We know that many young people hear voices or sounds that other people can’t hear. The recent My World Survey found that over one in five adolescents have had this experience. This can feel frightening or confusing, particularly with a back drop of movies and tv programmes that portray hearing voices as ‘crazy’. However, there are many explanations for the phenomenon of hearing voices.
What does ‘hearing voices’ mean?
Each experience of hearing voices is unique . There can be one or several voices, and it can occur frequently or infrequently (for some people, it may only happen once). The voice itself may be familiar or not (someone you know or don’t know). For some people, the voice could be a commentator. It can be brought on by a certain experience or feelings in some cases. However, it can be helpful to make the distinction between hearing voices and our inner self-talk or inner critic.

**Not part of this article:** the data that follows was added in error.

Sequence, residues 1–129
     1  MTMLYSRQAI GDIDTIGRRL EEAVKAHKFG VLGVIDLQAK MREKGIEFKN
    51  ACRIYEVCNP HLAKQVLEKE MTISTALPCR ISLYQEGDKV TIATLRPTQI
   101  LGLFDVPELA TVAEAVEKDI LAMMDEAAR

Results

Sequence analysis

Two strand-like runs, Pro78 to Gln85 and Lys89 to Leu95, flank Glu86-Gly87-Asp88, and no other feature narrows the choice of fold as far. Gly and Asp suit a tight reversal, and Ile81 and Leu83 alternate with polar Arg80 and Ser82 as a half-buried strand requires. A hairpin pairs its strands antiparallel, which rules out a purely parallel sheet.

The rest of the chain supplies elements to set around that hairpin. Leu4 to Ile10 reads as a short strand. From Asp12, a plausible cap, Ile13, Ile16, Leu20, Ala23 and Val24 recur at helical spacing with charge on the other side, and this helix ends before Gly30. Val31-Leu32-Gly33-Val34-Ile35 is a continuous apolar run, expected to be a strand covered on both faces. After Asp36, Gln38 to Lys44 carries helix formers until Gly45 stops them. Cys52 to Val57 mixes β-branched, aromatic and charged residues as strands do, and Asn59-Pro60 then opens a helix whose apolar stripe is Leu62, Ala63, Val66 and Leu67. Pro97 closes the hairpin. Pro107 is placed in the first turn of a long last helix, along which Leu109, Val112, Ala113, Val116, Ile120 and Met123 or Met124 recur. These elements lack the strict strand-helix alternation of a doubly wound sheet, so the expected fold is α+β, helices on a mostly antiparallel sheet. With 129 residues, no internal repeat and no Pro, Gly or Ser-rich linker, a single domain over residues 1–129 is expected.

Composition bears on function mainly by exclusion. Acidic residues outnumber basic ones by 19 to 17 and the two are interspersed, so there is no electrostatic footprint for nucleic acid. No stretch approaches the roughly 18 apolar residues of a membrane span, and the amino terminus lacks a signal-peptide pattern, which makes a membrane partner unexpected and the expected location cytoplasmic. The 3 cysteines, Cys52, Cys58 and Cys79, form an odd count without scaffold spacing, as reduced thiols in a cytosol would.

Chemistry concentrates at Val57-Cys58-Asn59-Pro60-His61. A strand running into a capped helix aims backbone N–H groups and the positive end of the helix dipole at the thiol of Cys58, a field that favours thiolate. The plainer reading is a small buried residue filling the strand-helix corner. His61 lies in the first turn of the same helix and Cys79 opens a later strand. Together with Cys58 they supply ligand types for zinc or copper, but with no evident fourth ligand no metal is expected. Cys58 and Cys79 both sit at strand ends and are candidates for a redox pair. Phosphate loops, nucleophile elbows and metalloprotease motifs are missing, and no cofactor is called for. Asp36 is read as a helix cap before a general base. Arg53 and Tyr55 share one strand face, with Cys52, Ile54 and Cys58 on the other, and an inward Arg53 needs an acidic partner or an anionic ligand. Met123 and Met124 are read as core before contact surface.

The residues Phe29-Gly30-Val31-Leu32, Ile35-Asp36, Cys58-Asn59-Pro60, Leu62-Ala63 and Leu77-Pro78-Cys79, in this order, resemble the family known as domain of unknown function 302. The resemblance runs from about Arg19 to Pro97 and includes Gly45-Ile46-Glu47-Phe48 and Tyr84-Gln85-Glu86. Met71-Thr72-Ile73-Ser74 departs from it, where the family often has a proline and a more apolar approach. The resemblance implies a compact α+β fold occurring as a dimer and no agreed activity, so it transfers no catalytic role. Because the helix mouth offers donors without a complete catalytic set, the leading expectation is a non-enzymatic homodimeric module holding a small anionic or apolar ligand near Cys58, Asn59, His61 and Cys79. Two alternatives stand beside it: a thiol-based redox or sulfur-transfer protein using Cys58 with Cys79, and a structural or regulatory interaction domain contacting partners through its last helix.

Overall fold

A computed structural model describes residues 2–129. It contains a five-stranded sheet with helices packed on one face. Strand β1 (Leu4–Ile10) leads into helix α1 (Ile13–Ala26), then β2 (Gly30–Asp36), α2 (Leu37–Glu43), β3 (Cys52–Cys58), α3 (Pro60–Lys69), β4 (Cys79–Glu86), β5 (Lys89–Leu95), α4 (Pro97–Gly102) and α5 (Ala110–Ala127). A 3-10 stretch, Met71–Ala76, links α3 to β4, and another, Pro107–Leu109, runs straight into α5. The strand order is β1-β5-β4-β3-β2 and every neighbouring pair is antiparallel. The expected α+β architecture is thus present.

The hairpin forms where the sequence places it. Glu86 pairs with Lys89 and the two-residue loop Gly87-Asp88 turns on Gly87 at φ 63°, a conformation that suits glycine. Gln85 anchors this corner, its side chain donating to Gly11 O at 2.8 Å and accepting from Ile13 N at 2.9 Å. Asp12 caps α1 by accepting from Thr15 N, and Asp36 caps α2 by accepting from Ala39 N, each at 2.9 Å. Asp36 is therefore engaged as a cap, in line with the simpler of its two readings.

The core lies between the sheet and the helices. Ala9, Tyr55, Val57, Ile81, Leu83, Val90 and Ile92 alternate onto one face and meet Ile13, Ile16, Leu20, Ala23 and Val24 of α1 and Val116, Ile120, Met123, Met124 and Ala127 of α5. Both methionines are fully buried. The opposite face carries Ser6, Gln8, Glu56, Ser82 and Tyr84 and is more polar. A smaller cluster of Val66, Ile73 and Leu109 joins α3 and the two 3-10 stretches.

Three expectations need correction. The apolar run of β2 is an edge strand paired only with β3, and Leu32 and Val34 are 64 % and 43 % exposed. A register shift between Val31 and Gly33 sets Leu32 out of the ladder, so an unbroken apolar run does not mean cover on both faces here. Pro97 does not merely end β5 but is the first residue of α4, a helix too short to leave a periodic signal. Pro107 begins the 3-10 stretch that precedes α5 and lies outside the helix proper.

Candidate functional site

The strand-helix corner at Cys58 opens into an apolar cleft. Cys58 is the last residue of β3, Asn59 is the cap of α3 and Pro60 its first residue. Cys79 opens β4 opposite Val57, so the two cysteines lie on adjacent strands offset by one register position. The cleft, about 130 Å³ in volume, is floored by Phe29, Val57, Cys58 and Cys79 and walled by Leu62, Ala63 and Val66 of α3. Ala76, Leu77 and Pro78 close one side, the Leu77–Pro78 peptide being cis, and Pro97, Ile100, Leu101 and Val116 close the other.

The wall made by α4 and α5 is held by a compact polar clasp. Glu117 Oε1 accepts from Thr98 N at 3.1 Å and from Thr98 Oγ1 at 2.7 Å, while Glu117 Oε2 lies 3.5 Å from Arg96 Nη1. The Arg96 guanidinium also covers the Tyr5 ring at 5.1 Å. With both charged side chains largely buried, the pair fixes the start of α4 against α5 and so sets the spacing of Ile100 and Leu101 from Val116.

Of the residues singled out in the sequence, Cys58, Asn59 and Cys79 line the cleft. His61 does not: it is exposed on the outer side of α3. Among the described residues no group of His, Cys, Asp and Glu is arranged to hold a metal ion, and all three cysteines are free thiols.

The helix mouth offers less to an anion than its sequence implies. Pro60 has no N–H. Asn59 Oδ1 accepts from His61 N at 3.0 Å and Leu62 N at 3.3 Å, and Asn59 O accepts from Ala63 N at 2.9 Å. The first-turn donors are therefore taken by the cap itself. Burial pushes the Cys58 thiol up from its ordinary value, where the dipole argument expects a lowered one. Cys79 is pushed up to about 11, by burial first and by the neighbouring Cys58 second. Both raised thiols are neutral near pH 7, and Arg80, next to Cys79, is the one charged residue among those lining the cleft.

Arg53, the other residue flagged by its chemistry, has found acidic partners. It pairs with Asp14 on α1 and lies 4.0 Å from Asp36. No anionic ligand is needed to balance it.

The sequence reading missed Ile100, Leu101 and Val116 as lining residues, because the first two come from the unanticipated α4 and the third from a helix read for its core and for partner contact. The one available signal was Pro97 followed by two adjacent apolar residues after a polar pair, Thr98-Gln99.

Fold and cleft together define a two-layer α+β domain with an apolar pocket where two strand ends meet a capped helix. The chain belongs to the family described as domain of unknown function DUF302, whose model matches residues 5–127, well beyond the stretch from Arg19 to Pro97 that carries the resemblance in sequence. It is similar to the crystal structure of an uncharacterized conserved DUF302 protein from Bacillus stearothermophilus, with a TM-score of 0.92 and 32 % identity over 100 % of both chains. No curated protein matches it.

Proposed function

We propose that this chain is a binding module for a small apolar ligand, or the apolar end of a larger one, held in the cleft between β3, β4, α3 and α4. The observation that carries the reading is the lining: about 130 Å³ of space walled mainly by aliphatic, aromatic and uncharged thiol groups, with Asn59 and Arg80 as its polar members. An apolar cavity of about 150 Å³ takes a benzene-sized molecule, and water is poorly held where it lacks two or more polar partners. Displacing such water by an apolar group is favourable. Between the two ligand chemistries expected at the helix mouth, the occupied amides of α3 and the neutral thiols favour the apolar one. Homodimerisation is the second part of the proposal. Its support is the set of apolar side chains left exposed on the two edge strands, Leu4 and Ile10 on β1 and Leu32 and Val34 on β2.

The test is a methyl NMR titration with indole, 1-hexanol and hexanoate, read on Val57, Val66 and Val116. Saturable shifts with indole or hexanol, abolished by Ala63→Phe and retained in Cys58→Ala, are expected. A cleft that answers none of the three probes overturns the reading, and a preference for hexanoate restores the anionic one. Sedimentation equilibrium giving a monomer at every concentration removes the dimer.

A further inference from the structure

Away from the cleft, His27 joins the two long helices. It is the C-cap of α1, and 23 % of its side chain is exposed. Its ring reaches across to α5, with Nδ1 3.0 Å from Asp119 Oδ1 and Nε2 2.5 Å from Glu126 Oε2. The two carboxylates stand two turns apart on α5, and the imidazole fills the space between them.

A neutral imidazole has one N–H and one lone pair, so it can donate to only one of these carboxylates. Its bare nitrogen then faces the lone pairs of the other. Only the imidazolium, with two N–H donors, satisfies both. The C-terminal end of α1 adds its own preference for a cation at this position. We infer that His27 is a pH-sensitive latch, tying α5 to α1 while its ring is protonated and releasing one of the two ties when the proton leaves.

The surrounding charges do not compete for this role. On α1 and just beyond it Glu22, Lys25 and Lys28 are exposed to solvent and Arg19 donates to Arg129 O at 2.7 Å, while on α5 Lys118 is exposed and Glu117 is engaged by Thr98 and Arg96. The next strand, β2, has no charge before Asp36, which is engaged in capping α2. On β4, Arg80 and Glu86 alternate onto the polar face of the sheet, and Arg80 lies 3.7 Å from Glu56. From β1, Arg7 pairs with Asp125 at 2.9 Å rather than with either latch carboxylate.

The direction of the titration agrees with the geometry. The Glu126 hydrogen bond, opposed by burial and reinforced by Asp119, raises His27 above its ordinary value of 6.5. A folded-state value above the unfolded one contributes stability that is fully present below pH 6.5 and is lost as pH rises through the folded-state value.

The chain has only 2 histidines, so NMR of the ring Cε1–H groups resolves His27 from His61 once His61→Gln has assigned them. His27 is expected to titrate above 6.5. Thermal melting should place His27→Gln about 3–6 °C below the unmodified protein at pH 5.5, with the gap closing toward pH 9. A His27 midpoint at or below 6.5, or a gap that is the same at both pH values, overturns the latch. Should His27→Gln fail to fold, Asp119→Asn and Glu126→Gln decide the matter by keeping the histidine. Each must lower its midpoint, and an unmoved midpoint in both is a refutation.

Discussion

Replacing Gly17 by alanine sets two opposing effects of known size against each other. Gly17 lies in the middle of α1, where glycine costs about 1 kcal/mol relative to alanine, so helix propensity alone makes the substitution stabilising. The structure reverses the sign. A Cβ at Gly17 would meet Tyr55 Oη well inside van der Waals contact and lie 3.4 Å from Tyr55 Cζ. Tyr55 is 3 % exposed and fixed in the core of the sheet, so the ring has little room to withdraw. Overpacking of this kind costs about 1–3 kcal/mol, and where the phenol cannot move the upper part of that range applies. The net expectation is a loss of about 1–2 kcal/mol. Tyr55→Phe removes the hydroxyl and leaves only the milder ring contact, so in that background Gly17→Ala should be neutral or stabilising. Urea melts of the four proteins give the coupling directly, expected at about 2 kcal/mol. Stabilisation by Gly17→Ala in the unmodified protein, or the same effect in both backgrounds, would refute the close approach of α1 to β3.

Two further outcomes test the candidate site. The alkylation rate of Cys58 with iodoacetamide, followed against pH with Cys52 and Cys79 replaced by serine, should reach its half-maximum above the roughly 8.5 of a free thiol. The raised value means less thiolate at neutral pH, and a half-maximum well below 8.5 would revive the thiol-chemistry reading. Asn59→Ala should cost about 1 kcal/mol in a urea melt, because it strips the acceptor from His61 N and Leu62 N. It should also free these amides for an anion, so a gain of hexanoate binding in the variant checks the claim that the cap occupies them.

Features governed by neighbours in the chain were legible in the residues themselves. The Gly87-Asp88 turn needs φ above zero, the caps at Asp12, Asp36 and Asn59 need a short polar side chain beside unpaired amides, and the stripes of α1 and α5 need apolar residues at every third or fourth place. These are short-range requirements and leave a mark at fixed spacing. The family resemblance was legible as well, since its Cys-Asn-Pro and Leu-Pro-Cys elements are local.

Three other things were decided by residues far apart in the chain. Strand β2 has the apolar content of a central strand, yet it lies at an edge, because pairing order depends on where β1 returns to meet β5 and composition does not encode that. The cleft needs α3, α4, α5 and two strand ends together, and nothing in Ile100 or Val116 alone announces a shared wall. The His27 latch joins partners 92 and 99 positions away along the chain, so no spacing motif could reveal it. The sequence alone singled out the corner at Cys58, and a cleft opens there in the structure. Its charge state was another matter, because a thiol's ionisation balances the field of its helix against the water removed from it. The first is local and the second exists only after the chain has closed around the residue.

Inner critic vs. hearing voices
The biggest difference between the inner critic and hearing voices is that one is our own thoughts and one is an auditory experience (sounds in our ears). We all have inner ‘self-talk’ when we are thinking things through in our head. We can “talk ourselves” in or out of things, and in many cases describe an internal ‘voice’ that helps us evaluate our choices for example. On the other hand, hearing voices is an auditory experience where the voice could feel like it’s right next to us, or more in the distance.